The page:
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The Mary and George Bloch Collection: Part IV  
Bonham's, Hong Kong, 28 November 2011: Lot 48 

Lot 48

 
   

Lot 48
Treasury 7, no.1664 (‘Golden Crown’)
HK$524,000

A sapphire and gold snuff bottle

Semi-transparent sapphire, suffused with flaws, and gold; well hollowed, with a flat lip and protruding flat foot; the neck of gold extending down into the shoulders of the bottle; the narrow sides carved as flat facets
Probably imperial, 1700–1820
Height: 4.5 cm
Mouth/lip: 0.74/1.51 cm
Stopper: gilt bronze, chased with a dragon, the integral finial carved as a formalized flaming pearl, with integral gold collar

Provenance:
American (West Coast) private collection
Sotheby’s, New York, 6 April 1990, lot 190
Jin Hing, Los Angeles, (1990)
Hugh Moss (HK) Ltd (2001)

Published:
Treasury 7, no.1664

The likelihood is that most of the early sapphire and ruby bottles were made for the court. The solid gold neck is another indication of that; the court often used gold for imperial products, but it would be unlikely for a private workshop to waste gold making a neck that would look, when new, no better than well-gilded bronze. A plain bottle of this kind is otherwise difficult to date, but in addition to the beautifully crafted gold neck, the painstaking and extensive hollowing would suggest an early date. Because of its hardness, sapphire was commensurately more difficult to carve and to hollow, so such careful hollowing indicates that this came from a time when extensive hollowing was important. Metal necks and mounts in general were a typically mid-Qing feature of a range of courtly snuff bottles, as we can see in this collection alone (see Sale 1, lot 138 and Sale 3, lot 133). We suspect that a Qianlong date for this bottle is the most likely. Still, we know so little about earlier production, outside of a range of enamelled metal and glass wares and a scattering of other reign-marked wares from the Kangxi and Yongzheng reigns, that we cannot rule out a pre-Qianlong date.

Apart from its unique combination of materials and likely imperial origin, its deep, even colour makes this one of the finest pieces of sapphire known in the snuff-bottle world. There is, of course, no such thing as a gem-quality ruby or sapphire snuff bottle. Any stone imported to the Qing court (from Thailand, India, Ceylon, or Burma, the sources for the Qing court’s supply) that was of sufficient size for a snuff bottle would never have been hollowed out if it was flawless enough to be valuable as a gemstone, for hollowing would have recklessly destroyed its depth of colour. The ruby or sapphire material used for larger-scale carvings in China—and snuff bottles were ‘larger scale’ for gem materials—was always heavily flawed. What is unusual here is that the flaws are pleasingly even and consist mostly of a fabric of thin lines running through what an internal light reveals to be mostly transparent material of lovely colour. One can see why this piece of sapphire was considered worthy of a gold neck.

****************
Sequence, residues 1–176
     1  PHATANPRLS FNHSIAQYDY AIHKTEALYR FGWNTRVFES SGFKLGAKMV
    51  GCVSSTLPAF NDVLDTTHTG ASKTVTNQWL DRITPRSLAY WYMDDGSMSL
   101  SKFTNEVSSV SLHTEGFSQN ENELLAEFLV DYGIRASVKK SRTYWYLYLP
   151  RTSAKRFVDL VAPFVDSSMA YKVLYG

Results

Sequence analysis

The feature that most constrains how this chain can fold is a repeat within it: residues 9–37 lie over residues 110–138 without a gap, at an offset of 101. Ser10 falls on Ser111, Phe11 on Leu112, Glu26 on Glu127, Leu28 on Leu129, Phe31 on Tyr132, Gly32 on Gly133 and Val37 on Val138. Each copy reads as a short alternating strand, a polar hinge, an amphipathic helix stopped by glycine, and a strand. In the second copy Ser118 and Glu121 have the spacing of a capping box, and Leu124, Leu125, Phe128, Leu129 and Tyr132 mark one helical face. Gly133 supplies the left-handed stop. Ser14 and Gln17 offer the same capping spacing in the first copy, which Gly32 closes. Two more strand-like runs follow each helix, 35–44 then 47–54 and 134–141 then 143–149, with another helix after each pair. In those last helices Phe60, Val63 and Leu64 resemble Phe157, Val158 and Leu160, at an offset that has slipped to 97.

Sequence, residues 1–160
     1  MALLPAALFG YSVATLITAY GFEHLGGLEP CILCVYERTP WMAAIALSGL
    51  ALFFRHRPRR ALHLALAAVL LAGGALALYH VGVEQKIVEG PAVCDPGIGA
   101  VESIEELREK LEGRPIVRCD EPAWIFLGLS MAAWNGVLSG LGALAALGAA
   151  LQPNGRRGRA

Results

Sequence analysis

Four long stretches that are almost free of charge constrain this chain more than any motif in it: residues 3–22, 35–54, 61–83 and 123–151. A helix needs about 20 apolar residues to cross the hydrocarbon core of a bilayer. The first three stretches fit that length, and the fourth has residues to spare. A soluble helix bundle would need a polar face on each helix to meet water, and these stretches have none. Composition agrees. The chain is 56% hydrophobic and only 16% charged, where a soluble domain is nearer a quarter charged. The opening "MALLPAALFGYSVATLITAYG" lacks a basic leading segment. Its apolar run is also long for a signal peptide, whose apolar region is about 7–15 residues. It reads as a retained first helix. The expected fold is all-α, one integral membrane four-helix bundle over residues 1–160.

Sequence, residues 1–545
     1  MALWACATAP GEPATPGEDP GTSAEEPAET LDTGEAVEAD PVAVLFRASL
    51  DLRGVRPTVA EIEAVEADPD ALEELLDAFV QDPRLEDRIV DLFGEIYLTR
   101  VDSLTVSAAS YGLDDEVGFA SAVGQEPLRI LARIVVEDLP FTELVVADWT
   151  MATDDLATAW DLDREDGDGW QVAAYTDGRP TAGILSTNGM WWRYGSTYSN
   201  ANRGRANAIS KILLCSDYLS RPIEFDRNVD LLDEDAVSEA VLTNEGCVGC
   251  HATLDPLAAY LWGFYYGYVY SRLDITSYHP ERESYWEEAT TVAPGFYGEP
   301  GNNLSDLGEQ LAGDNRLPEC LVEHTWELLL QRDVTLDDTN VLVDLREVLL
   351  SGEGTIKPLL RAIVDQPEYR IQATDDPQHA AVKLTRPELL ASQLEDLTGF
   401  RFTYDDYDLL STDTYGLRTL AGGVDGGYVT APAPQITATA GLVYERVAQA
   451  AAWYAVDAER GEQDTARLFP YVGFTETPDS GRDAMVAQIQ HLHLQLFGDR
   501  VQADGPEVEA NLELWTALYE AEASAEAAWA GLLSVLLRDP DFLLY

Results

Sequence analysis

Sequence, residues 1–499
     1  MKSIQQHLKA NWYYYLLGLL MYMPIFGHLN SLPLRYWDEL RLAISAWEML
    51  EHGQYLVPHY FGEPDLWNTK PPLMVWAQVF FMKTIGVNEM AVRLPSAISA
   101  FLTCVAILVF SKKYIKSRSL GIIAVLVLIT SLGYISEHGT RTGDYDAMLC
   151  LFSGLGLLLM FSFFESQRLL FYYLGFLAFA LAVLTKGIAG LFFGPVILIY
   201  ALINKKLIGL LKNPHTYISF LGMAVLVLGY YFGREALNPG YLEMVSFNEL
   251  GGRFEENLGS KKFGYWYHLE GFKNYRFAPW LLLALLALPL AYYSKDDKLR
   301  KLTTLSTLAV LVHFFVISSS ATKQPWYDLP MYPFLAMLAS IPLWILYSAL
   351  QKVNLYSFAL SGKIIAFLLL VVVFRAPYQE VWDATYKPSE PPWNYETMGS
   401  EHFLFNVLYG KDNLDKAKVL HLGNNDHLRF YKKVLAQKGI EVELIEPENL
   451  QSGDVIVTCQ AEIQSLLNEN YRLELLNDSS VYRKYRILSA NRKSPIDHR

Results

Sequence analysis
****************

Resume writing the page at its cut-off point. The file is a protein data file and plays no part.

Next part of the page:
One indication of an early date is the shape, which follows the water flasks carried by Manchu horsemen. This heavily compressed spherical form, with or without flattened narrow sides, was common among early snuff bottles. It is echoed, for instance, in the magnificent set of Tang Ying porcelain bottles represented in the Bloch Collection by Sale 1, lot 27, and Sale 3, lot 29. There is one further formal connection worth noting: the shape of the neck. Widely flared metal necks appear on the group of bottles discussed under Sale 1, lot 138 and Sale 3, lot 133, which are attributable to Guangzhou. If the sapphire came from India, Ceylon, or Thailand—the three most likely sources—the stone would probably have entered China through the port of Guangzhou. If it came to the attention of an imperial agent or an official looking to present a magnificent gift to the emperor, it could well have been made in Guangzhou and sent as tribute to the court.

The stopper, once thought to be original, is almost certainly not. It seems quite possible that the bottle was without a stopper in the late-Qing or Republican period and one was made for it; the style of the decoration on the stopper would be consistent with such a scenario. Any original stopper for this bottle would surely have been made of gold. We know that such stoppers exist and that some enamel-on-metal bottles made on a solid gold body have matching gold stoppers. A stopper with an integral gold collar (and shaft for holding the spoon inside the cork) beneath a gilt-bronze collar, on the other hand, is an anomaly; we know of no other example. The maker here has carefully fashioned it to appear to be solid gold, cleverly gilding the upper surface and fixing it to a thin but solid gold collar.

The easiest way to test a stopper to see if it is solid gold is to put a tiny scratch into the surface and closely examine the metal beneath. The obvious place to attempt that would be underneath the collar, where it would not be noticed (and there are several such scratches here).

When this bottle was first acquired, it contained a mass of solidified snuff and the discoloured fragments of an old spoon, suggesting that it may have been excavated from a tomb at some stage.

 

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